infrastructure dollars in washington. why? because the billionaires who underwrite his campaign have told him to. they say jump, he says how high. he voted against infrastructure investment right here in arkansas. that is bad for our future. i talked to the mayor of warren a few weeks ago. they got a poultry plant. he thanked me. they said you got infrastructure dollars on wastewater disposal. they would not have come here had they not had that. infrastructure means jobs. >> it does mean jobs and we need more of it in arkansas. it is a good revelation of his mindset. he thinks your money is his money and you should be grateful for him returning a few pennies of it. we need a highway bill that will build bridges right here in arkansas, not send billions to california for light rail. pryor if senator focused on infrastructure, why did he vote for an $800 to must which is more about giving away money to corporate cronies and buildings in washington instead of roads in arkansas? >> i would remind you that the
question addressed i-49 and do you support earmarks? >> i do support i-49 and i supportedearmarks in the past. we do not do it anymore. i will say this -- if i'm elected to another six years, i want to finish i-49. i want to finish i-69. i want to finish i-55. i want to deepen the arkansas river to a 12-foot channel. every single one of those will add many, many jobs and help arkansas not just immediately, but in the long term. all of those are good investments. >> you are doing a fine job of staying on time. keep an eye on that red light. mr. pryor, the next question comes from scott inman. >> the congressional budget office announced last week that the federal deficit did shrink to a six-year low in fiscal year 2014 but the projection for the deficit over the next decade is still $7.2 trillion, presumably adding two more than a $17
trillion debt. what evidence can you provide that during your time in washington, you have had a commitment to cutting spending? >> if you look at my voting record in the last three years, i have cut $4 trillion in spending. in the last three years, i voted to cut $4 trillion in spending. they were wait too high when they were a trillion dollars a year. it is good news they are going down, but they are still high. this is what we need to remember -- we can balance the budget. we balance the budget 20 years ago when president clinton was in office and we did it by using discipline and good old arkansas arithmetic. that is what we need to do. one of the things we can do to help balance the budget is grow the economy. let's focus on jobs and the economy. let's get our economy moving again. let's build that middle class. that means more people paying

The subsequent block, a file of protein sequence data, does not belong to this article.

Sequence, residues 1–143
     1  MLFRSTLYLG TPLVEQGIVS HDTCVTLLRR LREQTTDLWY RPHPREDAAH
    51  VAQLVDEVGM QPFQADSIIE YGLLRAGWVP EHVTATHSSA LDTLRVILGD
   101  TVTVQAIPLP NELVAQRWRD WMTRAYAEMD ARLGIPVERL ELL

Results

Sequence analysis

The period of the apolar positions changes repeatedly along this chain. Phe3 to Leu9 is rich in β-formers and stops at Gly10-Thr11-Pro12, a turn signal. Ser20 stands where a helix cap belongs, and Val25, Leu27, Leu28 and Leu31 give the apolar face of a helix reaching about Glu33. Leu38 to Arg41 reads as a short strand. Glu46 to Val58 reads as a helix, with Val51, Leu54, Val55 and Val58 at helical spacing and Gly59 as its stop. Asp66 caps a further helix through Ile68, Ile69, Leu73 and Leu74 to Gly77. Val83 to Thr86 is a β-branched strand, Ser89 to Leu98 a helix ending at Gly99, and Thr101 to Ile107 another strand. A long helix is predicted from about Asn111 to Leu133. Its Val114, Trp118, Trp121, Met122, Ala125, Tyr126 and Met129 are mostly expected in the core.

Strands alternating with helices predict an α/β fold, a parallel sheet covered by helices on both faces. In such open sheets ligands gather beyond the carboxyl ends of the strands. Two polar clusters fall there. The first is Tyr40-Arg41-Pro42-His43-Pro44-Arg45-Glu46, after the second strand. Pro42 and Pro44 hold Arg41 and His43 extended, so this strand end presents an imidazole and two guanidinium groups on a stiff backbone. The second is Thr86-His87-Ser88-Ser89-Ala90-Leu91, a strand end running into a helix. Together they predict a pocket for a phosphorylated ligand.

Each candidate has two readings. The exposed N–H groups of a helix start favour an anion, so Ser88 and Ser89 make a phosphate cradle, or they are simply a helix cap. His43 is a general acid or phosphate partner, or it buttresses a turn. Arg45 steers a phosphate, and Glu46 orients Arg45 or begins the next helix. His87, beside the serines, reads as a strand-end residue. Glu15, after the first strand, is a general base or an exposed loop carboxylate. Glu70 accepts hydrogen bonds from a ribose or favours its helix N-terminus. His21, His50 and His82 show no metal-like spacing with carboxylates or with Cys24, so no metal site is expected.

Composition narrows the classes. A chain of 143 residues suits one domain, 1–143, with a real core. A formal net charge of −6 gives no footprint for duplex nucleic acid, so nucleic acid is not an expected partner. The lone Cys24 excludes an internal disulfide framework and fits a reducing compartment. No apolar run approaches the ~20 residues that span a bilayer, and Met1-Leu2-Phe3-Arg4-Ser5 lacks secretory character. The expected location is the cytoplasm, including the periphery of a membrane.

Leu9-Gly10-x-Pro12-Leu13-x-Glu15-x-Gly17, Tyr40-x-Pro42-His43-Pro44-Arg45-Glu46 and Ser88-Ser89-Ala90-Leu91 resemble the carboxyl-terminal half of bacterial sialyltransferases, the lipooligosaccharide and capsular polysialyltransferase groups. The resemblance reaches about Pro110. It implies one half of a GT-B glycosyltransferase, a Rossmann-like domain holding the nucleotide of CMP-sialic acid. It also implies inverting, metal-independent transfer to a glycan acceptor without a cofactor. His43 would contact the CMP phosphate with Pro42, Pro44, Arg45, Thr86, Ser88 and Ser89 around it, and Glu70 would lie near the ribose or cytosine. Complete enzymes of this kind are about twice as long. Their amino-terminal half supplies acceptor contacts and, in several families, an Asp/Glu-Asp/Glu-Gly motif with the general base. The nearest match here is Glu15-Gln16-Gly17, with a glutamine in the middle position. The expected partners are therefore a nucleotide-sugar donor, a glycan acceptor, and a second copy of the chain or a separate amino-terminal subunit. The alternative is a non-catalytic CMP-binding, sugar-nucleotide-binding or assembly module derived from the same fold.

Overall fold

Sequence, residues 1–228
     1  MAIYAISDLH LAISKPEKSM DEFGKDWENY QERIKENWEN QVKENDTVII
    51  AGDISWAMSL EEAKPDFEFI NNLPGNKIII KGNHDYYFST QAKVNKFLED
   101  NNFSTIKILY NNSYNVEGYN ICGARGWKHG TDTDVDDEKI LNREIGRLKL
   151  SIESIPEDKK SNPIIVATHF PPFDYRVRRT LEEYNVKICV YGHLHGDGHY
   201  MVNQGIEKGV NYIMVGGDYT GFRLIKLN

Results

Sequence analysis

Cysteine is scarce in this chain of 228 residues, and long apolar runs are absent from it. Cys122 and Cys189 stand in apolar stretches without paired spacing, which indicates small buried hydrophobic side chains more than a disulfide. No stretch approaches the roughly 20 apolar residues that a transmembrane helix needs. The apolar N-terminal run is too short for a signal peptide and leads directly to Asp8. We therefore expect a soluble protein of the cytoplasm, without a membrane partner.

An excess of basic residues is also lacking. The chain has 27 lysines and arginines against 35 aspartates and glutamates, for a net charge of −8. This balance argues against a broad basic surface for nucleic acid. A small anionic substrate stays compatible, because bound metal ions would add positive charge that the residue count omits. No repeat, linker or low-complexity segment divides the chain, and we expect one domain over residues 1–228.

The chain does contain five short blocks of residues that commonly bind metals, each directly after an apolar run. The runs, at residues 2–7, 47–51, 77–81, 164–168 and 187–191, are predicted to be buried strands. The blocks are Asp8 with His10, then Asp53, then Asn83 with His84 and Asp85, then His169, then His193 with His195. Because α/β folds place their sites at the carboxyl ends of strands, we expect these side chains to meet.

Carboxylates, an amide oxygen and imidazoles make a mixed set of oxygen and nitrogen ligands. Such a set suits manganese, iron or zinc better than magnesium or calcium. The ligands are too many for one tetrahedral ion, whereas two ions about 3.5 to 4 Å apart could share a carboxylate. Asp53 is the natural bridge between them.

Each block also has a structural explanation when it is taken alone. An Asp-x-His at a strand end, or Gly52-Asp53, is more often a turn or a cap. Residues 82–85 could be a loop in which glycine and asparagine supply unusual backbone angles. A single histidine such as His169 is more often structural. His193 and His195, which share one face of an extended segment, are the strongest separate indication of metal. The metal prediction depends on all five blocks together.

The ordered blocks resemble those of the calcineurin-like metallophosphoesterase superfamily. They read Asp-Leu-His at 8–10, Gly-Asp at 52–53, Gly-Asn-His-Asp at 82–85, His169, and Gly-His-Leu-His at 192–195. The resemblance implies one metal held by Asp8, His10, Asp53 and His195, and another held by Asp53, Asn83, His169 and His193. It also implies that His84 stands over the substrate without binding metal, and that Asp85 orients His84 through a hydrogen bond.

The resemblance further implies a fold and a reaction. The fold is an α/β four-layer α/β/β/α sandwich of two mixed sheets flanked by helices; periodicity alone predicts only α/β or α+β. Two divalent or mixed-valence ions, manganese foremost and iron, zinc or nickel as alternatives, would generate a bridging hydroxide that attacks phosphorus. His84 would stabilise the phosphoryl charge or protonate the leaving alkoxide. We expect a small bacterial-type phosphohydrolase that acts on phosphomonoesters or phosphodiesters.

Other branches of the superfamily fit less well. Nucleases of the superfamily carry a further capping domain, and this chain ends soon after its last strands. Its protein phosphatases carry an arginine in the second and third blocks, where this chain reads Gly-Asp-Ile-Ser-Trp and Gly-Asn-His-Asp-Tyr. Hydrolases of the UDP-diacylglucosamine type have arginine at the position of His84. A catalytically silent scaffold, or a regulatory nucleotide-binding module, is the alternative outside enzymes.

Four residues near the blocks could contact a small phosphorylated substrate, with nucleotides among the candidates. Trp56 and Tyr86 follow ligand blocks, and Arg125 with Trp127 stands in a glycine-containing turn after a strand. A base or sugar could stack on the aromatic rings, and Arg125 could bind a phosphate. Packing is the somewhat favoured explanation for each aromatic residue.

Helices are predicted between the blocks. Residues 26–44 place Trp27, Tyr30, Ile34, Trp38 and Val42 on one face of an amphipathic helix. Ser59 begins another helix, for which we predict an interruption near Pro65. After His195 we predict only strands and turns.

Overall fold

taxes. fewer people getting things like unemployment. that means it is good for the budget, good for the economy, good for america, and good for everybody. >> mark pryor and barack obama simply have no credibility on reducing the deficit in the future because look at what is happening to the deficit over the last six years. $1 trillion on average every year. mark pryor has voted for every penny of it. look what is happened since he got the washington. $2.1 trillion in spending. now we are at a 3.5 between dollars in spending. that is a terrible tragedy for the next generation. i think of a time when my constituents came from the river valley. we were talking about issues and the debt. how much are we in debt? you are in debt over $50,000. he looked like the kid from "home alone" when he learned he was a wave from his parents at christmas time.
we should not do that to the next generation. mark pryor and barack obama have done it continuously because they are not serious about reducing the deficit. i will. >> you all know me and you know i am serious about this. people in washington know -- i watch this closely and we have to get spending under control. that is why i voted to cut spending by $4 trillion in the last three years. where i focus is on the middle class and small businesses. congressman cotton focuses on the top tier wealthy. i don't think you build the economy from the billionaires down. i think you build it from the middle class up. >> over the last six years of the economy, if you make a living off of assets or investments like stocks or bonds, the top 5% of all income earners, you are doing ok. if you make a living by working, if labor is your means of putting food on your table, your incomes are down.